What exactly does it mean to “crank it up”? How much should I crank it up? What is enough crank? How much are others cranking it up?
I am a semi professional skier that competes on the Freeskiing World Tour. When you live and spend time with other incredible skiers and professional athletes, “cranking it up” means business and I often worry if I’m getting down to business enough.
As an athlete, I was elated at the opportunity to work with and represent an amazing brand through their ambassador program and excited for the upcoming winter to be a part of and share my “hard core” ski world to #thetribe.
One month into the program, while Jackson Hole was getting 16″ upon 16″ of fresh pow, I blew out my knee, had to undergo knee surgery and have been slowly recovering since.
This challenge has been particularly meaningful to me because 8 months ago I mostly compared myself to a small group of competitive and professional skiers and felt that “cranking it up a notch” had to be on skis or a bike and it was only legit if I was pushing myself at the highest level I knew I was capable of. How was I suppose to “crank it up” when my peer group is learning double back flips and hucking off 30 foot cliffs in competitions, while I was barely able to make a full pedal rotation on a stationary bike.
While I’ve been experiencing other MTW Ambassador adventures, I’ve come to see that “cranking it up” is not about doing the most extreme and crazy thing you can share on the internet, it’s about pushing your physical, mental and emotional limitations and comfort zones. It’s about building the stoke no matter the level you’re at. What’s important, is that you’re getting at it.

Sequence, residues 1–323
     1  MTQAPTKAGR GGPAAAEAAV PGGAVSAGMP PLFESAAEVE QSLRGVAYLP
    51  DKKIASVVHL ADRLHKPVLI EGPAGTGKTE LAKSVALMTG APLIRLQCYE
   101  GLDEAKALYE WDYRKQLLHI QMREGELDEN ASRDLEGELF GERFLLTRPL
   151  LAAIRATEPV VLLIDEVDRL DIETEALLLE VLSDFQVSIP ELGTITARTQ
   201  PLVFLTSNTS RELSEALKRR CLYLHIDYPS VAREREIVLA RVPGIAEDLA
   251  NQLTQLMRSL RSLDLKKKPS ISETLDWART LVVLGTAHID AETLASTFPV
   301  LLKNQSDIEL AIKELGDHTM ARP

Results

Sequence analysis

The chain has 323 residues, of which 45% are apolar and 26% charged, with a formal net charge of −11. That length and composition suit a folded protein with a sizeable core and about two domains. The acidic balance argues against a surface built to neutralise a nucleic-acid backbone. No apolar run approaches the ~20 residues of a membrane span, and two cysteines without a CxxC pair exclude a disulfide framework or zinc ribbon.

As much as I haven’t felt like I have accomplished much over the last 8 months, in hindsight I’ve come to realize that I’ve been “cranking it up a notch” a bit every day since surgery.
I have done things I would never have done, if it weren’t for being injured or for the other MTH ambassadors who have been sharing their adventures, experiences and accomplishments. I would have been less inclined to push the comfort zones of what I already knew let alone the things I barely knew anything about i.e. hiking and camping, especially in the dark.
Before my injury I was a pretty fearless. I rode lots of gnarly trails without much hesitation on my mountain bike and would say yes to almost any adventure. Since then, I’ve mostly been riding green and blue trails and declined some adventures as I didn’t trust myself not to fall and reinjure myself.
Sometimes your friends trust your capabilities more than you do and despite your fears you go to the “Top of the World” in Whistler Blackcomb and you ride 13km of ♦ and ♦♦ trails all the way to the bottom. This creates so much stoke that you embark on a 3 hour hiking trip into the mountains, mostly in the dark, simply because you can and you want to keep the stoke alive.
This last week I have come full circle and truly see the physical, mental and emotional barriers that I have been pushing and feel so excited at what I have accomplished not only in the last week but in the last 7 months.
Mostly, I am thankful for the great friends, that have adventured with me in person and online through MTW, that have pushed me to do so.